Virtualizing your development environment with Vagrant and Ansible
Tools for virtualization and provisioning like Vagrant and Ansible have been around for a while now, but I haven’t met many people that use them for their everyday development work. So I am going to try to make some PR for Vagrant and Ansible.
I first started working in virtual machines because I wanted to be independent of the hardware my employer provided me with. At that time, we moved from a desktop computer to a frequently crashing Windows laptop, to a perfectly good System76 laptop with Ubuntu pre-installed. By the end of that transition, I did all my development work in a vm. I had an Ubuntu guest running inside an Ubuntu host and I was happy; because I knew that when I would have to switch hardware again, I could just export my vm and import it somewhere else.
Back then I only used VirtualBox. Nowadays I use Vagrant and Ansible to completely automate the process of setting up a new development environment. Whenever I start working on a new project, I let Vagrant and Ansible do their magic. Vagrant takes care of configuring VirtualBox and it will also pull a base image with some OS pre-installed. Ansible does provisioning, which, in a nutshell, means installing packages and copying configuration files.
This approach has several advantages
- Your host OS will not become a monolith with all kinds of packages installed that you no longer need.
- Each one of your projects has its own personal sandbox. It’s like Python’s virtualenv or Ruby’s RVM on an OS level.
- If you manage to break apt-get or grub, it will only affect 1 project. And you can easily recreate that 1 vm.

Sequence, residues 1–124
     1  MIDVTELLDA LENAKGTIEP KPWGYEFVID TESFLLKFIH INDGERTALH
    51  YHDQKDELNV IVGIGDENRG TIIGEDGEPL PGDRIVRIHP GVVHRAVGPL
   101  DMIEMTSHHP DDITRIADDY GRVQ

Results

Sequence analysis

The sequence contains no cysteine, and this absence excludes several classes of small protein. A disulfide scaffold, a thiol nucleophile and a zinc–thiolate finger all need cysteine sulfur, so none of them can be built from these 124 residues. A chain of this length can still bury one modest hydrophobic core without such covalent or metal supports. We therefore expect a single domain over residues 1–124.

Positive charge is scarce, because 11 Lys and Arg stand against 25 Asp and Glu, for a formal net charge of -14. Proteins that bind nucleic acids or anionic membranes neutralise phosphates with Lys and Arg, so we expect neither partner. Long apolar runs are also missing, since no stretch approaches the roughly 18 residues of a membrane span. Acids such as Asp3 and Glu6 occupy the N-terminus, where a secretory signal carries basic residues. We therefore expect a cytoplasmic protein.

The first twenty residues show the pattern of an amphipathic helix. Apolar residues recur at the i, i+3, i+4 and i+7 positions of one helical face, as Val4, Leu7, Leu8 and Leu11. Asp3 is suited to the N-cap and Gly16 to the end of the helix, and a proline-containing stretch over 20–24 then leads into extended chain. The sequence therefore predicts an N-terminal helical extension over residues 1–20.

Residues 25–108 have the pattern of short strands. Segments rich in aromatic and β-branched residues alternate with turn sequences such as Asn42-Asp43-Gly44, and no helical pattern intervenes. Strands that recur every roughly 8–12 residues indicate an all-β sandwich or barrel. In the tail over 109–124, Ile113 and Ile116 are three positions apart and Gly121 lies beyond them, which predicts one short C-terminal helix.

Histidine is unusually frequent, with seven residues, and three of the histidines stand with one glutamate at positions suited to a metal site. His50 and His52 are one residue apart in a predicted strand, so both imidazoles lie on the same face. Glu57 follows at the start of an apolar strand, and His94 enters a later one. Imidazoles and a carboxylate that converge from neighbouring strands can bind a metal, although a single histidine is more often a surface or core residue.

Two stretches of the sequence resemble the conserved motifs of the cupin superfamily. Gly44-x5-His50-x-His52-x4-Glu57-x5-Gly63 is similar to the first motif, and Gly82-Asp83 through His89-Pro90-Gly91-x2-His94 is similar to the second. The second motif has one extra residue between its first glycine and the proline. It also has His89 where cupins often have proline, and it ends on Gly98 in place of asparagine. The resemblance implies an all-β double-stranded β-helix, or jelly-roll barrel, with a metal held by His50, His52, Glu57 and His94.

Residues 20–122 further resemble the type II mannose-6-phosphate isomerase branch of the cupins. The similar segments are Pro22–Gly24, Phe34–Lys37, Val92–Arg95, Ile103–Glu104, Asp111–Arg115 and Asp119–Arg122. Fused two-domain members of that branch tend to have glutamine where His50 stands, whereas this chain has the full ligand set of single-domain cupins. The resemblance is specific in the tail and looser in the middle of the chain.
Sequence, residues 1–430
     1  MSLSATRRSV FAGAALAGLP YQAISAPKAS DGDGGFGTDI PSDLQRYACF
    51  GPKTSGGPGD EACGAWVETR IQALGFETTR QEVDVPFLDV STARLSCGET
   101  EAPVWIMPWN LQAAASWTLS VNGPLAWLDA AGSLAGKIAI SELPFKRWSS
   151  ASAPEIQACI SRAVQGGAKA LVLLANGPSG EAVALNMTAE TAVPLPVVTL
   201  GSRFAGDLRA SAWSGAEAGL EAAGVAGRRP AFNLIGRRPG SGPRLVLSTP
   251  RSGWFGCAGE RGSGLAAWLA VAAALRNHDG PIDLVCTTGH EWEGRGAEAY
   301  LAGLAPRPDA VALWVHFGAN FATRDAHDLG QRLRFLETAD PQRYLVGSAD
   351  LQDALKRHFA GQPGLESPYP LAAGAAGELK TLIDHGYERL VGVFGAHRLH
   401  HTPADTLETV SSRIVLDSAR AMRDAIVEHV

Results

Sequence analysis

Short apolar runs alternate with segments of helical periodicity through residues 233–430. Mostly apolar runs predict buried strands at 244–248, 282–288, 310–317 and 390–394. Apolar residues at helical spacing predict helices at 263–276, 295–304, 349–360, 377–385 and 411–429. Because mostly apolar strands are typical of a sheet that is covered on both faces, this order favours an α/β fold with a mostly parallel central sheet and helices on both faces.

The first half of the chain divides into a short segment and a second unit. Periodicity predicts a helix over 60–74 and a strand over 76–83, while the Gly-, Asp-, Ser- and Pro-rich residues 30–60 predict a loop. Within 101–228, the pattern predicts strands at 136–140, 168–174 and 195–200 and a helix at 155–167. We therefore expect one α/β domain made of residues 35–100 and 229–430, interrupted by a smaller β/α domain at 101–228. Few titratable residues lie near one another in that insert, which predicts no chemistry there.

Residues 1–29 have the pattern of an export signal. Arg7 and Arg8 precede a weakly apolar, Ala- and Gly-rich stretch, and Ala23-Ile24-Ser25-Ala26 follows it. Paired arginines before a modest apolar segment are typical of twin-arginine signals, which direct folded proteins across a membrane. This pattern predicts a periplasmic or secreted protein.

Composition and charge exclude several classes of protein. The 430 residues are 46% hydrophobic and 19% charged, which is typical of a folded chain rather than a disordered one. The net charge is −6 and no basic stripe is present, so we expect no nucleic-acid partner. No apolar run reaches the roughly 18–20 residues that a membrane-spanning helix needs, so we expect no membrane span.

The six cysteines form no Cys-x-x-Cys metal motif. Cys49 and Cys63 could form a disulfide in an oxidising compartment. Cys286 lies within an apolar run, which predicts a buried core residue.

- If your hardware breaks or you need to switch hardware for some other reason, you won’t have to cry. If you backed up your VirtualBox files, you can continue working on another machine without having to reinstall anything. And if you didn’t make backups, you can just rerun Vagrant and Ansible.
- When you close your vm, you can choose to save its state. Memory will be freed so you will be able to use all your system’s resources for something else. And when you start your vm again, it’s like you never left and you are right back in the middle of that Jupyter notebook file.
- You can easily share your Ansible roles with your team members. If there is a new colleague coming to work, you won’t have to sit next to him/her for an entire day to help him set up his environment. Just sit next to him while his machine is provisioning and explain to him in general terms what Ansible is installing and why.
- In case you need to transfer your work to a co-worker, you can give him/her your vm image in addition to any other files/information.
- When you are done working on a project, make sure all your code is in git, like a proper developer. Then you can just delete your vm without leaving any debris.
And of course there are drawbacks as well
- Obviously, you would need to know a little bit about Vagrant and Ansible.
- Both your hardware and host OS need to support hardware virtualization.
- There is some overhead involved in running an OS on top of another OS. But I don’t think I ever noticed enough to complain about it. In any case, storing your VirtualBox files on an SSD will certainly help.
- You need a little bit of extra disk space for all those guest OS’s that will start gathering dust. You should just delete old vm’s that you don’t use anymore, or at least remove them from your SSD.
- If you use proprietary software, you might run into licensing issues. In the case of IntelliJ, it seems you cannot run 2 instances of the IDE simultaneously.
- Occasionally you need to have 2 vm’s open at the same time. Make sure you have enough memory available to support both vm’s. If not, the 1st vm you started will be terminated while starting up or un-suspending the 2nd. Depending on the memory usage of your vm’s and your host, running 2 vm’s simultaneously on an 8 GB host can get tricky. I have learned to appreciate extra RAM as well as lightweight Linux distributions.
I hope this piece of propaganda will motivate people to try something new. On my Github account, you will find some scripts that I use to set up a development environment for data science projects that I sometimes do. Take note that it’s a work in progress and it probably won’t work out of the box, because I use my own private base box. If you are completely new to Vagrant or Ansible, it’s best you start with some tutorial.